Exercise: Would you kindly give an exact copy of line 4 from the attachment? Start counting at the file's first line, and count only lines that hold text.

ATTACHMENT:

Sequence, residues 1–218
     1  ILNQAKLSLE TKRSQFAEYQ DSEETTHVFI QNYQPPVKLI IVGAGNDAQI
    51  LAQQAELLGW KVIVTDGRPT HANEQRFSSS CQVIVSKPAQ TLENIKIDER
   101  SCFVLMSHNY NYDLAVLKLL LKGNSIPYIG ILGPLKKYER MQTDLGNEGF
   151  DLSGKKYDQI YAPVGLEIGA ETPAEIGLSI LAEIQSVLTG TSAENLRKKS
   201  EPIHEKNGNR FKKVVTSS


   101  SCFVLMSHNY NYDLAVLKLL LKGNSIPYIG ILGPLKKYER MQTDLGNEGF